SUMMARY OF THE INVENTION

In accordance with the present invention, it has been discovered that the rejection of implants, especially endosseous implants, can be avoided by providing the substructure of the implant with a reservoir or at least a partial adherent external coating of a specific type of calcium compound. The presence of the calcium material in or on the implant substructure is believed to promote the formation by the body of a cementoid-type structure around the implant. Since the cementoid-type material is naturally formed the incidence of implant rejection is diminished.

DESCRIPTION OF THE PREFERRED EMBODIMENT

The first component of the improved oral implant of the present invention is an implant element that is fabricated from a biologically inert material. The expression "biologically inert material" is intended to include metallic, ceramic and organic polymeric substances that do not corrode or react with body tissues or body fluids. Useful materials of construction include gold and platinum alloys, titanium, tantalum, cobalt/chromium/molybdenum alloys, synthetic sapphire (alumina), annealed or unannealed stainless steel, cobalt/chromium alloys sold under the trademark Vitallium, vitreous carbon sold under the trademark Vitredent, etc.

The implant element is composed of at least one upper abutment interconnected, preferably integrally connected, with a lower substructure. The lower substructure is adapted to be placed upon (subperiosteal implant) or inserted or submerged within (endosseous implant) alveolar bone of the maxillae or mandible. The precise configuration of the lower substructure portion of the implant element is not a critical feature of the instant invention. The lower substructure may be of any of the usual configurations. Depending upon anatomic limitations, the lower substructure portion of the implant element may be in the form of a spiral shaft, pin, blade, helical coil, etc. The lower substructure of a subperiosteal implant generally takes the form of an arch-shaped mesh structure that is adapted to be firmly seated upon the alveolar bone of the mandible. The lower substructure of such implants and the screws employed in the fixing of the substructure to the bone must both be fabricated from biologically inert materials. Further information concerning the configuration of implant elements and the materials used in their fabrication can be found in "Oral Implantology" edited by A. Norman Cranin, published by Charles V. Thomas, Springfield, Illinois (1970), the disclosures of which are herein incorporated by reference.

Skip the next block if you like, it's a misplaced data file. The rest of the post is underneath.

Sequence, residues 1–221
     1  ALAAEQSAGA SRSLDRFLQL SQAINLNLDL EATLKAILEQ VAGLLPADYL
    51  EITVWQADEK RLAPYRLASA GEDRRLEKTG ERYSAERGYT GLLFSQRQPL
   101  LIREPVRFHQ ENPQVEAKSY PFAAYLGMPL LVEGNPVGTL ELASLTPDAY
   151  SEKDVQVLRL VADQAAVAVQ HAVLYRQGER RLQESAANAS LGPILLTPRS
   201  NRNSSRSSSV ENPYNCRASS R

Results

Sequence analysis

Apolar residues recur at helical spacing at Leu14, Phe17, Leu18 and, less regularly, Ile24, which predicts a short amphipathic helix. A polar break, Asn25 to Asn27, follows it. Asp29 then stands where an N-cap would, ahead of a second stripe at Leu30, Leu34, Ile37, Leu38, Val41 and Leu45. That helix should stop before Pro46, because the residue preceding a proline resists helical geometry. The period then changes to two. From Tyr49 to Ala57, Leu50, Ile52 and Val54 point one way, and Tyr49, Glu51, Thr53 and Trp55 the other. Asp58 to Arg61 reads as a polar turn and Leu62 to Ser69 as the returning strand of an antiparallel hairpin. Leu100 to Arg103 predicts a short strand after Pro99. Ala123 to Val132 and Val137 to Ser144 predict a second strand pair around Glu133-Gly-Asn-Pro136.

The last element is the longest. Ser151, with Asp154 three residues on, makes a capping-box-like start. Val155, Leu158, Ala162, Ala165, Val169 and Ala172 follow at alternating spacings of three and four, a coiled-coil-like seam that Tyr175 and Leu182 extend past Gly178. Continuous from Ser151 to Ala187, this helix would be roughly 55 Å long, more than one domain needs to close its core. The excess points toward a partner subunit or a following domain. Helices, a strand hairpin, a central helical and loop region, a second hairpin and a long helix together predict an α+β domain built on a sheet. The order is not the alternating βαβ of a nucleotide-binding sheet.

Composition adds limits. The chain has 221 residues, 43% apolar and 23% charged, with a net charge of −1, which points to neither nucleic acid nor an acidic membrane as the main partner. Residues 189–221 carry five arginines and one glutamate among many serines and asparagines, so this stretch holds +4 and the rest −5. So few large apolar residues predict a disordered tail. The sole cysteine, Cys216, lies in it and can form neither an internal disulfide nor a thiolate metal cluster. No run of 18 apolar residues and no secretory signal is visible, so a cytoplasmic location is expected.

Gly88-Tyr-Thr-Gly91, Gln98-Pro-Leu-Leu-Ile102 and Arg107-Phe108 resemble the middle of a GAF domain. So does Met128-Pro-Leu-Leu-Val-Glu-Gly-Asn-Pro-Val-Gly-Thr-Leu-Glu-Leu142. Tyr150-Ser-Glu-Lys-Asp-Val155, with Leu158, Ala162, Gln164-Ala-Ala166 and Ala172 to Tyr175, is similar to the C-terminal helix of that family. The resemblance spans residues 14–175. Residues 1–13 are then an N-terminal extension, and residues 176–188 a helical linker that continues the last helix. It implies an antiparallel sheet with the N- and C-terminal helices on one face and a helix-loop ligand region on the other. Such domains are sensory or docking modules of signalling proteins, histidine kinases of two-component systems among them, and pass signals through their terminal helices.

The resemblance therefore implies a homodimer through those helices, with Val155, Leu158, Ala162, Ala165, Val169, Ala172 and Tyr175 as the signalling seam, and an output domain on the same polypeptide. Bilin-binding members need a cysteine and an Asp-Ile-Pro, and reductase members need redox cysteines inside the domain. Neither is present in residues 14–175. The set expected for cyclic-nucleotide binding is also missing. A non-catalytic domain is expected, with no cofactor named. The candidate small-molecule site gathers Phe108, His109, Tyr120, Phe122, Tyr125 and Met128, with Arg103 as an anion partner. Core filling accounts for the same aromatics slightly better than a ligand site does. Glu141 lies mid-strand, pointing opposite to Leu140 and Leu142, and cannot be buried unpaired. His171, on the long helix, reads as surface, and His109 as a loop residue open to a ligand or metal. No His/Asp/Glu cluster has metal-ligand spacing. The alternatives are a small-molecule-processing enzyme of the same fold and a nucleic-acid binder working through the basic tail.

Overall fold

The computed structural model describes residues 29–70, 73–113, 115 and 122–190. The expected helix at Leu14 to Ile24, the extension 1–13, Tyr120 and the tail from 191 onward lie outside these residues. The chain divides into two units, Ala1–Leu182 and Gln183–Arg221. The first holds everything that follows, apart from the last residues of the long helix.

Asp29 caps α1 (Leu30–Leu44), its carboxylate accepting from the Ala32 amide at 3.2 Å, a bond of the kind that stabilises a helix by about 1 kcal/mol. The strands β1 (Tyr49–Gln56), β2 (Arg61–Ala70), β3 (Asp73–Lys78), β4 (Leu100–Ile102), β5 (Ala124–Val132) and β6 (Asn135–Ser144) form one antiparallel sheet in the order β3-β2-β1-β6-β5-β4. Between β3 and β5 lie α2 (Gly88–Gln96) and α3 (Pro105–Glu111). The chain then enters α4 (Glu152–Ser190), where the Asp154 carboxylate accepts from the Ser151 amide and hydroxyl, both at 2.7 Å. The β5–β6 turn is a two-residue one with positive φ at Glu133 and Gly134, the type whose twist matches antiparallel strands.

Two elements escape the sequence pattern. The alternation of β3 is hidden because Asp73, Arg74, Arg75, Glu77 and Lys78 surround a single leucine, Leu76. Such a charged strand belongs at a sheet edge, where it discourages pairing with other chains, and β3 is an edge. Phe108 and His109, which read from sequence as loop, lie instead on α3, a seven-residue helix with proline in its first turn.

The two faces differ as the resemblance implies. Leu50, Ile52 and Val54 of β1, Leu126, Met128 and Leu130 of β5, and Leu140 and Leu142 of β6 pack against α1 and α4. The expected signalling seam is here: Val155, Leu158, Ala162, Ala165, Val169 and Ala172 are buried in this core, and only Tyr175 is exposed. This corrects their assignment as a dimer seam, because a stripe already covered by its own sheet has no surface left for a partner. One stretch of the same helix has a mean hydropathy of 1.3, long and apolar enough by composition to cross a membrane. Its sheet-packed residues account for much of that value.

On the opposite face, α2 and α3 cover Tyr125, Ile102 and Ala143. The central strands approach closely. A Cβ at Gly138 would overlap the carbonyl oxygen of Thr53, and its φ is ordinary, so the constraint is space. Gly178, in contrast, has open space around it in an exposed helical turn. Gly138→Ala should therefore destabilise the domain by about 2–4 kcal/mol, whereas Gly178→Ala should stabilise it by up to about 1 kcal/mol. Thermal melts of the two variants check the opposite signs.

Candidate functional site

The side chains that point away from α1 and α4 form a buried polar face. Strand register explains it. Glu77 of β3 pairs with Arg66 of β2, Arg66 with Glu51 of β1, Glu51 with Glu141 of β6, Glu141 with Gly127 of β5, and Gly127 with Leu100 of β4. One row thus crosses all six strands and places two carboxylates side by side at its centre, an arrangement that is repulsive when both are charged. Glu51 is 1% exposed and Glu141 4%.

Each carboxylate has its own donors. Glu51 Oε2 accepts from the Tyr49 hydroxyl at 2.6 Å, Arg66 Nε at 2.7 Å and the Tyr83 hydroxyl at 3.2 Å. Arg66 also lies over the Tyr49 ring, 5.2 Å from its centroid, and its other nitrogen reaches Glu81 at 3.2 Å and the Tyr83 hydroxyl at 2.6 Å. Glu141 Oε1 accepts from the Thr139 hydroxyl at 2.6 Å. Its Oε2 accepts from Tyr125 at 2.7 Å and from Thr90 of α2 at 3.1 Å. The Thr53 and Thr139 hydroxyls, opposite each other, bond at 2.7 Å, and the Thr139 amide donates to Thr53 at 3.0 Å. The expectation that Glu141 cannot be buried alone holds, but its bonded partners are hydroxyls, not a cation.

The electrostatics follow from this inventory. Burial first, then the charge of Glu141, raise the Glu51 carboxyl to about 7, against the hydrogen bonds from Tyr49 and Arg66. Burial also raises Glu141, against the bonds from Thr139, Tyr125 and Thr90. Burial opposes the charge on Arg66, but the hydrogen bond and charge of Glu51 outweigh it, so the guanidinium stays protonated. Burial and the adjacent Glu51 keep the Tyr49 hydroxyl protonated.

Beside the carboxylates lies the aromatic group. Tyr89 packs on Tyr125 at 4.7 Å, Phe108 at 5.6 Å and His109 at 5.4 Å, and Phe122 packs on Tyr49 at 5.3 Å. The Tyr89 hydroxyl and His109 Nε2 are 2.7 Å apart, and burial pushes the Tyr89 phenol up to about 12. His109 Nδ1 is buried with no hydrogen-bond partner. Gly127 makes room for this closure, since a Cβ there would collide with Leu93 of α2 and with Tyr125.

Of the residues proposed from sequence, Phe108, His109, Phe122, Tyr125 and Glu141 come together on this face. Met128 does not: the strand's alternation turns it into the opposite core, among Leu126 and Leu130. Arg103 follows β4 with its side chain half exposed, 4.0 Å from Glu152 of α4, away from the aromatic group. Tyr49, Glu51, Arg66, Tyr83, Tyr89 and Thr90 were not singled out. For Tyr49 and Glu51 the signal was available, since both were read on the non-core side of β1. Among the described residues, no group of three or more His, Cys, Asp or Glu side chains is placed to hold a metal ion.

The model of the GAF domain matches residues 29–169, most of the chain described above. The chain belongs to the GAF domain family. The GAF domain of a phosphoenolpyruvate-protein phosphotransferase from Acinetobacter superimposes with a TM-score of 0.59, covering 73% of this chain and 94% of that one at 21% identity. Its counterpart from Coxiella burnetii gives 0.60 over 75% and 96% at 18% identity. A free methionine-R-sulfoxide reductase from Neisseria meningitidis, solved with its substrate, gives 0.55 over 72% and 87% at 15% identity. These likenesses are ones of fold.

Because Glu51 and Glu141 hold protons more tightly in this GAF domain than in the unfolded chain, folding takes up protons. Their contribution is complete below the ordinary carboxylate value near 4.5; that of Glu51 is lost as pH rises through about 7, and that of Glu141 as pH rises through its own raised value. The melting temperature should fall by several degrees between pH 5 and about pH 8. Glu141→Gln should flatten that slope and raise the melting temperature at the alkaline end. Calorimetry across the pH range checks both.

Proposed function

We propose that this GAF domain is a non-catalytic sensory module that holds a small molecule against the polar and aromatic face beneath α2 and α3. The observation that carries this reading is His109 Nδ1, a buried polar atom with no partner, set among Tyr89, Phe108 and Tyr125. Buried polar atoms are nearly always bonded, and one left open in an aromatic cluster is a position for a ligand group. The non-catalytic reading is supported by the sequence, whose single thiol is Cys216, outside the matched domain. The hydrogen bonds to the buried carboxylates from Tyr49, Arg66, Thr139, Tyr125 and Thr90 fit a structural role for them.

The second component of the improved oral implant of the present invention is a calcium compound-based coating system that is applied to at least a portion of the external surface of the substructure of the implant element or reservoir of a calcium compound. The essential constituents of the coating or reservoir material are non-toxic calcium compounds that are believed to release slowly calcium cations to the surrounding or adjoining bone structure in or on which the implant substructure is placed. Useful calcium compounds include (i) calcium hydroxide, (ii) calcium oxide (or other calcium compositions that are converted readily to calcium hydroxide upon contact with body fluids); (iii) calcium alcoholates, in particular compositions having the formula Ca(OR)2 wherein R is an alkyl radical having from 1 to 6, preferably 1 to 3, carbon atoms; (iv) calcium salts of aliphatic monocarboxylic acids, in particular the lower monocarboxylic acids having less than 10, preferably less than about 5 carbon atoms per molecule, e.g. acetic acid, propionic acid; (v) calcium salts of a aliphatic hydroxymonocarboxylic acids, that is, compounds identical to those described in (iv) above except that the acid material has one or more hydroxy (-OH) functions per molecule, e.g. gluconic acid, levulinic acid, etc.; (vi) calcium salts of aliphatic hydroxypolycarboxylic acids, said acids having less than about 12 carbon a toms per molecule, at least two carboxy (--COOH) functions and at least one hydroxy function, e.g. D-saccharic acid; and (vii) mixtures thereof.